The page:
Ireland will still play two Belfast games after World Cup dream shattered by France
Ireland 5 France 21
From day one against Australia, Ireland's World Cup dream has threatened to descend into a nightmare but that eventually became a reality on Thursday night as France dumped the hosts out of the tournament in utterly convincing fashion.
It leaves Ireland facing a rematch against their pool rivals Australia in a runners-up play-off at the Kingspan Stadium next Tuesday (kick-off 2pm) - a game that frankly neither team wants to be involved in. The winners will face either Canada or Wales at Ulster's ground at 2pm on Saturday August 26 with the big prize a fifth placed finish. Should Ireland lose to Australia, they will conclude their home World Cup playing for seventh at Queen's University.
Ireland's start was always going to be crucial but it was as disjointed as it has been in all of their games, only this time it was against a vastly superior French side who didn't offer up any second chances.
In terms of personnel, this was largely the same French team who were beaten in Dublin last February but they have transformed themselves in the space of six months while Ireland have regressed in the same period.
Questions must now be asked about where the apparent strength in depth that Ireland have supposedly been building for the last three years is.
Ireland paid the price for their passiveness in defence as they repeatedly fell off tackles. In attack they were rudderless for large parts and barely threatened to puncture a hole through a defence that happily soaked up everything thrown at them.
Replacement hooker Cliodha Moloney got over for a try in the dying stages that Ireland's tireless efforts deserved but it was nothing more than a consolation.
In all three games, Ireland's Achilles heel has been their handling errors and, once again, their execution of the basic skills was incredibly sloppy.
Jenny Murphy typically led from the front but her quality was not replicated by those around her.
The powerful French duo of Lenaig Corson and Safi N'Diaye cut through the home side's defence at will. At times, France looked as if they were playing Sevens rugby as their offloading game cut Ireland to shreds.
Caroline Ladadnous crossed twice for a 21-0 half time lead and as much as Ireland huffed and puffed, they were devoid of any inspiration.
The warning signs were glaring from as early as two minutes in, Nicole Cronin doing brilliantly to stop Annaelle Deshaye scoring.
Ireland were helpless to stop Romane Menager getting over for the first try five minutes later. N'Diaye barrelled through a couple of soft tackles before Menager forced her way over.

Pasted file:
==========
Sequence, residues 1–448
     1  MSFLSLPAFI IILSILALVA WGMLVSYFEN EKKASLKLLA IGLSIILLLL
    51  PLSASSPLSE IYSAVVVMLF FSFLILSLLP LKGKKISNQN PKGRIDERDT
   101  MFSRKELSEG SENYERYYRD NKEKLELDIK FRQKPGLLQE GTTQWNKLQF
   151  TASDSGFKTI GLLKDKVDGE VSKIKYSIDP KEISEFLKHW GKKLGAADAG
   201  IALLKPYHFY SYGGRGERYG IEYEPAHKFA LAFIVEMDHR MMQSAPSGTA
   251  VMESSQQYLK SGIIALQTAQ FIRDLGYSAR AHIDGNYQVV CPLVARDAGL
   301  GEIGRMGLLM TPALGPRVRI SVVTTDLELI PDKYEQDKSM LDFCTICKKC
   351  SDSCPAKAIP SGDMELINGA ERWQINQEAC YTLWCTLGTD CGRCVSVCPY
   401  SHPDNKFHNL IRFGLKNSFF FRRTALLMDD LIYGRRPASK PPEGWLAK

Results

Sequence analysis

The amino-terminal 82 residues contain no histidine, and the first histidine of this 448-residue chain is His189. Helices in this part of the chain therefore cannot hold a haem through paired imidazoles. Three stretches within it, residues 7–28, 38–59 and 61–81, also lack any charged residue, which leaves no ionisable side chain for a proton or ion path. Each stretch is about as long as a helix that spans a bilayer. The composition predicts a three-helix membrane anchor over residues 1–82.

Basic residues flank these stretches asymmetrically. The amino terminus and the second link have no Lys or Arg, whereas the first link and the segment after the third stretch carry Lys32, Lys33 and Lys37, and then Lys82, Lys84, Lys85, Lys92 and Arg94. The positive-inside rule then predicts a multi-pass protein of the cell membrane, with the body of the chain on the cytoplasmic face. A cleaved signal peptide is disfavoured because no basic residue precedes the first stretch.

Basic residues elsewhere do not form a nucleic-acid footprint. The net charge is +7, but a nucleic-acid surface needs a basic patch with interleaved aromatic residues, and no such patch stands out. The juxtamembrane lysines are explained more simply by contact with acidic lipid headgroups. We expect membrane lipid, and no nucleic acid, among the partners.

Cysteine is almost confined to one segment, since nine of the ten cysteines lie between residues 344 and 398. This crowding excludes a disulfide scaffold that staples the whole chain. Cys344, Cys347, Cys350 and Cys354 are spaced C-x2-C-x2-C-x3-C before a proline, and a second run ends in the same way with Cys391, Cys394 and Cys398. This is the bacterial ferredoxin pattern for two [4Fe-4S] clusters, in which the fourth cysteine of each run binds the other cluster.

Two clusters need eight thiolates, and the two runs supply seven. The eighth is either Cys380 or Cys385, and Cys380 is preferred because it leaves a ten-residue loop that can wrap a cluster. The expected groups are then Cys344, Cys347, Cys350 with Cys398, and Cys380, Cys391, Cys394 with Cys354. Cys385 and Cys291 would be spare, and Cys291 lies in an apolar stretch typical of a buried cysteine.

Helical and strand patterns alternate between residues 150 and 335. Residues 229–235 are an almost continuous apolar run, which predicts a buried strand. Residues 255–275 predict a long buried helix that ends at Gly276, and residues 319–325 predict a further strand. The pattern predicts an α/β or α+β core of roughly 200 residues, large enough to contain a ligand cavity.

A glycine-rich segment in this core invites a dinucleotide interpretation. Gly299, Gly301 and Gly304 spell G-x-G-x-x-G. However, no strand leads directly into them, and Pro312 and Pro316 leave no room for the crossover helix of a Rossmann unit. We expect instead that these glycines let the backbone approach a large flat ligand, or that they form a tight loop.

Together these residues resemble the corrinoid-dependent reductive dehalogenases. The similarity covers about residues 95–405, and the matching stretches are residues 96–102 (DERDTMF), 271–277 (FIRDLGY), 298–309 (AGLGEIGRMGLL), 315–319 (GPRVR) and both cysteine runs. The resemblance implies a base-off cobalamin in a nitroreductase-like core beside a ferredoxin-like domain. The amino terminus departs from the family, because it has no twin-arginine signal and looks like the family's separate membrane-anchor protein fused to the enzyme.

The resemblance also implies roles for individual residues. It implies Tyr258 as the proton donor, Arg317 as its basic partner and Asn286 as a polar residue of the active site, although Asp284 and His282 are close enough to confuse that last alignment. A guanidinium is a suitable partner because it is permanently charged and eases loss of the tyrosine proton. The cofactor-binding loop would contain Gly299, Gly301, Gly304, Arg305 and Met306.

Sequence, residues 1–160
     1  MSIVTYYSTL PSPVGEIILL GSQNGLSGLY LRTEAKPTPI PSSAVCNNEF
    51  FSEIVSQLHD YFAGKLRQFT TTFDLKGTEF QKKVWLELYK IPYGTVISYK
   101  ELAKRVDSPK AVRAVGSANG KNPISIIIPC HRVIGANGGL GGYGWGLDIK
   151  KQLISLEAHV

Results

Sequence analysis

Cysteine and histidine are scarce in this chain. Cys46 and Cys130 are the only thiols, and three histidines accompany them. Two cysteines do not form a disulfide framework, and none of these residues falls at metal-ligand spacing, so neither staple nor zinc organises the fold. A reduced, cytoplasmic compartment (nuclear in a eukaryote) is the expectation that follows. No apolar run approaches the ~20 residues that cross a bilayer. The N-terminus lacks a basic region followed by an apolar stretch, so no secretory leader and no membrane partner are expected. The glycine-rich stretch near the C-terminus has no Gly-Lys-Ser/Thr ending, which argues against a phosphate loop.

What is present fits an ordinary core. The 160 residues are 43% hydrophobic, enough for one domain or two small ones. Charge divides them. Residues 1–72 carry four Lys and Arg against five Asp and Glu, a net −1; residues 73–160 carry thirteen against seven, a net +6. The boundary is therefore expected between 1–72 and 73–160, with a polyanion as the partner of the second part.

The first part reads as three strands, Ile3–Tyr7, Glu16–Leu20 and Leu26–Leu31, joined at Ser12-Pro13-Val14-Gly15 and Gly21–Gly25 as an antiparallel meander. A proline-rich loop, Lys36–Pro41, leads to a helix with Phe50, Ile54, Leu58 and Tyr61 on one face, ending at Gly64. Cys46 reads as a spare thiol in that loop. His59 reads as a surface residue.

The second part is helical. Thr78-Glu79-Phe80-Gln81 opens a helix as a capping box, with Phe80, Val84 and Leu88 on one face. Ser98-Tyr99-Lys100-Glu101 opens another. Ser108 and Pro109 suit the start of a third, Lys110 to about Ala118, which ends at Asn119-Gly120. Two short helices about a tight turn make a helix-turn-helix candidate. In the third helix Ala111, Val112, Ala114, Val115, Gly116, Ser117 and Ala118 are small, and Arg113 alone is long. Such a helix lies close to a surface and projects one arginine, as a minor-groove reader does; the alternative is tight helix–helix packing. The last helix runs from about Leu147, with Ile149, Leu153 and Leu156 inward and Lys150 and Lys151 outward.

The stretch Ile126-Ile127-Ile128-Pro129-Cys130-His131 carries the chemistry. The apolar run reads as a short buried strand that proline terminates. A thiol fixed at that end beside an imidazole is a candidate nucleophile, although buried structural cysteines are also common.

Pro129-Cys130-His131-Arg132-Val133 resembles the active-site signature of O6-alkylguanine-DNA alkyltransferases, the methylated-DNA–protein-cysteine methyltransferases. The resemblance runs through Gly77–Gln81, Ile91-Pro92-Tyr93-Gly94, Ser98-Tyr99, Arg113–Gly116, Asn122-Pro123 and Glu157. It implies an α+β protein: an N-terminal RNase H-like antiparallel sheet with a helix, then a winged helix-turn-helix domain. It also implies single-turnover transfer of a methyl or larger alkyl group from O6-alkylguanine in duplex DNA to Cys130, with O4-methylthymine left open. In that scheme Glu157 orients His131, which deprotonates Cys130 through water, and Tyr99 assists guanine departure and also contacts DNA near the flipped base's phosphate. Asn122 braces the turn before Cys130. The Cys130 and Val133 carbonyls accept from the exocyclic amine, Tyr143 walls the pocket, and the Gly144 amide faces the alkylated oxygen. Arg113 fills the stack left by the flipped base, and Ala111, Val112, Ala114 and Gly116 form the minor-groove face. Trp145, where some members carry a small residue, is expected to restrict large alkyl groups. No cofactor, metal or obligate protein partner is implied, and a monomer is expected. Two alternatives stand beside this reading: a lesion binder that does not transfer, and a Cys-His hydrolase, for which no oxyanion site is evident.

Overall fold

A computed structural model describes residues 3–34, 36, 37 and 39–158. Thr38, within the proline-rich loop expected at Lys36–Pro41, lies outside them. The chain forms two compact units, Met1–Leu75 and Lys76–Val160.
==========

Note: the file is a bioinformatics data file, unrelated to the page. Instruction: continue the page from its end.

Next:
Montserrat Amedee added the extras for a 7-0 lead but that was soon doubled. Again N'Diaye caused havoc in the Irish defence and despite Murphy putting in yet another big hit, the pressure eventually told and Ladagnous dotted down.
Shannon Izar bisected the posts with the conversion from wide on the touchline as the hosts were left scrambling after just 13 minutes.
On the half hour mark a brilliant French move that started inside their own 22 was finished off by Ladagnous who scored her second try. Amedee's extras left Ireland with a mountain to climb although they were offered a lifeline three minutes after when Corson was sin binned for trying to kill the ball close to her line.
From the resulting scrum, Murphy carried hard but when the ball was recycled yet another sloppy knock on cost them.
Even with a numerical disadvantage, it was the visitors who looked more threatening with ball in hand.
Ironically enough, when Corson returned to the pitch, Ireland enjoyed their best spell of the game.
They battered away at the French wall and on the hour mark thought they had got over for a try, only for the TMO to rule that they had been held up.
From the scrum, Cronin linked well with Ali Miller who had darted off her wing but she was held up short. It was a remarkable defensive effort as they eventually forced the turnover.
It was energy sapping stuff but Ireland refused to give in. France on the other hand already had one eye on their semi-final meeting with England as they rung the changes. An injury eventually forced Murphy off but she put in another huge shift.
Ireland continued to play the game in France's half but it was as if their opponents were toying with them. Even the weather man was rubbing it in as the forecasted rain that would have helped Ireland arrived in the dying stages.
Ireland eventually broke France's resilience in the last play of the game when Moloney powered over from close range.
And so, a tournament that promised so much for Ireland ended without them ever really firing a shot. A long week in Belfast lies ahead.
Ireland: H Tyrrell; E Considine, J Murphy (L Galvin 64), S Naoupu, A Miller; N Stapleton (K Fitzhenry 61), N Cronin (L Muldoon 75); L Peat, L Lyons (C Moloney h-t), A Egan (R O'Reilly 71); S Spence (H O'Brien, 57), M-L Reilly; C Griffin, C Molloy (capt), P Fitzpatrick.
France: M Amedee; C Pelle, C Ladagnous, E Poublan, S Izar (C Grassineau 52); C Drouin (C Neisen 69), Y Rivoalen (J Le Pesq 46); A Deshaye (L Arricastre 46), G Mignot (capt) (C Thomas 64), J Duval (P Carricaburu 49); L Corson, A Forlani; M Mayans (C Ferer, 73), R Menager (J Annery 46), S N'Diaye.
Referee: G Cooper (Australia)